Mississippi Writers and Musicians
MISSISSIPPI WRITERS: Mary Robison


Mary Robison Mary Robison, Photo by Frederick Barthleme (USM)

Major Works

  • Days: Stories  (1979)
  • Oh! (1981) novel
  • An Amateur's Guide to the Night: Stories (1983)
  • Believe Them: Stories  (1988)
  • Subtraction (1991) novel
  • Why Did I Ever (2001) novel
  • Tell Me: 30 Stories (2002) Collection of short stories

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Mary Robison : A Biography
by Bridget Gibson (SHS)
(with additions from Jenny Watson, USM, daughter of Mary Robison)

Mary Cennamo Robison (pronounced robe-eh-son) is a writer who lived for ten years in Hattiesburg, Mississippi, but just recently moved to teach at the University of Florida.    She is known for novels and collections of short stories which include Days, Oh!, An Amateur's Guide to the Night, Believe Them, Subtraction, Why Did I Ever, and Tell Me.  Many of her stories have been published in The New Yorker.  In the 1980's, she was, according to Kirkus Review,  one as one of the minimalists who helped set the tone for hip contemporary American fiction.

Born January 14, 1949, in Washington, D.C.,  Mary Robison is the daughter of  Anthony Cennamo, a patent attorney, and F. Elizabeth (Cennamo) Reiss, a psychologist.  Mary is the third oldest child but the oldest girl.  Although her family  lived in Washington when she was  a very young child, Robison's  formative years were actually spent in Columbus, Ohio.   The Cennamos had eight children before they  divorced.   After the divorce, Mary's mother Elizabeth pursued and later earned a doctorate in psychology.  She married Robert Reiss of Columbus, Ohio, a journalist  for the Columbus Dispatch.   Robison's  father Anthony also remarried and had two more children to his second wife.  He died in 2000.

Mary Robison attended Ohio State University as an undergrad and there met Robert Watson, who became her first husband.  Together they are the parents of two daughters.   However,  they divorced in their early twenties,  and a few years late , Mary married Jim (James) Robison, also a writer.  Mary divorced Jim in 1996 but kept Mary Robison as her already established pen name.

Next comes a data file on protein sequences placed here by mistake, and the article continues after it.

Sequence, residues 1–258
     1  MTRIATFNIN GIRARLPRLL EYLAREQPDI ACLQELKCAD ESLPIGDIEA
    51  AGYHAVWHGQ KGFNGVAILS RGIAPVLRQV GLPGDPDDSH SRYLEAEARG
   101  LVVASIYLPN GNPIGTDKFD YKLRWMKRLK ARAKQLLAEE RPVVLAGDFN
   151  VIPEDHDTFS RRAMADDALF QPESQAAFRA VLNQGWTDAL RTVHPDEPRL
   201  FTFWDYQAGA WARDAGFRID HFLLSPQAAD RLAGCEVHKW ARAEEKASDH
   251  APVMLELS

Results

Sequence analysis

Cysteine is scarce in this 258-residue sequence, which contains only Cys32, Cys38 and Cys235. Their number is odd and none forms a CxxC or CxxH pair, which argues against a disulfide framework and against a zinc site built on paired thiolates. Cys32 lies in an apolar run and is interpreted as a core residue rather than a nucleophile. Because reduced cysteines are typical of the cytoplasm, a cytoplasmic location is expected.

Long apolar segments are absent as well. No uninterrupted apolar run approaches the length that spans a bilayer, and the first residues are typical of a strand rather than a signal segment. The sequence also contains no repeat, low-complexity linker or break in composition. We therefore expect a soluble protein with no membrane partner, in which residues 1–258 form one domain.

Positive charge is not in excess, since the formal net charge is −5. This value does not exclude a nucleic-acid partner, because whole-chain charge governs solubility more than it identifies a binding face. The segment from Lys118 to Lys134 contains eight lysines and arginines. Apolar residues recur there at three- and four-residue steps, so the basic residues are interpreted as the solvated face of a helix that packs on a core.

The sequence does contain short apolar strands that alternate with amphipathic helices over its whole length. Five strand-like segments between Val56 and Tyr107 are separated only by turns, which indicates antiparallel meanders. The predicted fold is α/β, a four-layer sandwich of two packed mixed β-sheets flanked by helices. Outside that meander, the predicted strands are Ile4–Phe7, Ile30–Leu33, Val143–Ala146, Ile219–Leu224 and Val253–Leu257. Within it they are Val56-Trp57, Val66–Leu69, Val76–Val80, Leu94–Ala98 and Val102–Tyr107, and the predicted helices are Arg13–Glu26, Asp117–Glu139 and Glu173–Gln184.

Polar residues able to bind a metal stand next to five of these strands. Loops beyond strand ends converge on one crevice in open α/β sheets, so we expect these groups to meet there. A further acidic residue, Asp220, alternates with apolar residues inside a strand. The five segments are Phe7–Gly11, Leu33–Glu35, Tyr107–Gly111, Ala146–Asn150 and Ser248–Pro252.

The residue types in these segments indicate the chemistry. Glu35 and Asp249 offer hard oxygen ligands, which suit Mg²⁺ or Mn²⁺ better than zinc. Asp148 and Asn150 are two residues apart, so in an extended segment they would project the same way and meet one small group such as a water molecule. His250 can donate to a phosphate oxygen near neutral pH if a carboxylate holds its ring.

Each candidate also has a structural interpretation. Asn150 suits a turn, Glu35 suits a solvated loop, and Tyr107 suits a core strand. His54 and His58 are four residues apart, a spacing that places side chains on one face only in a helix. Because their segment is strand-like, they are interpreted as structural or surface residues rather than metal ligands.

Bridget Gibson (SHS)

After attending Ohio State as an undergrad,   Robison was recruited by John Barth for graduate study at Johns Hopkins University,  from which she received a master's in 1977.  Also, in 1977, Robison’s first collection of short stories was published. The name of her first publication was Days, which is a collection of  short stories  based on the aspects of everyday life.   Soon after,  Robison’s second work (her first novel) called Oh!, came out.  She wrote the novel to make people laugh. Oh! is a novel about a family that struggles with alcoholism and drugs.  The book later became a movie known as Twister.  Robison's third published work , another collection of short stories, was entitled An Amateur's Guide to the Night . It was published in 1983.  This  second collection of short stories is  made up of eleven different short stories. Robison’s third collection of short stories is Believe Them, which was published five years after the second collection of short stories in 1988. In 1991,  Robison published her fifth book called Subtraction, a novel about a college professor named Paige Deveaux who is searching for her alcoholic husband ("Mary Robison," Gale Literary Databases). Robison did not  publish another book for ten years.  However, in 2001, Why Did I Ever, a novel narrated by Money Breton, was published to wide acclaim.  The novel about a Southern writer who has been divorced three times was named a New York Times Notable Book and was a Los Angeles Times Book Prize winner.  Donna Seamen, in a review for Booklist, describes Why Did I Ever as a "soliloquy on the absurdity of existence"  which "hones fiction to a new and exhilarated measure of sharpness."  Since the publication of this latest novel, Tell Me, another collection of thirty short stories has been published.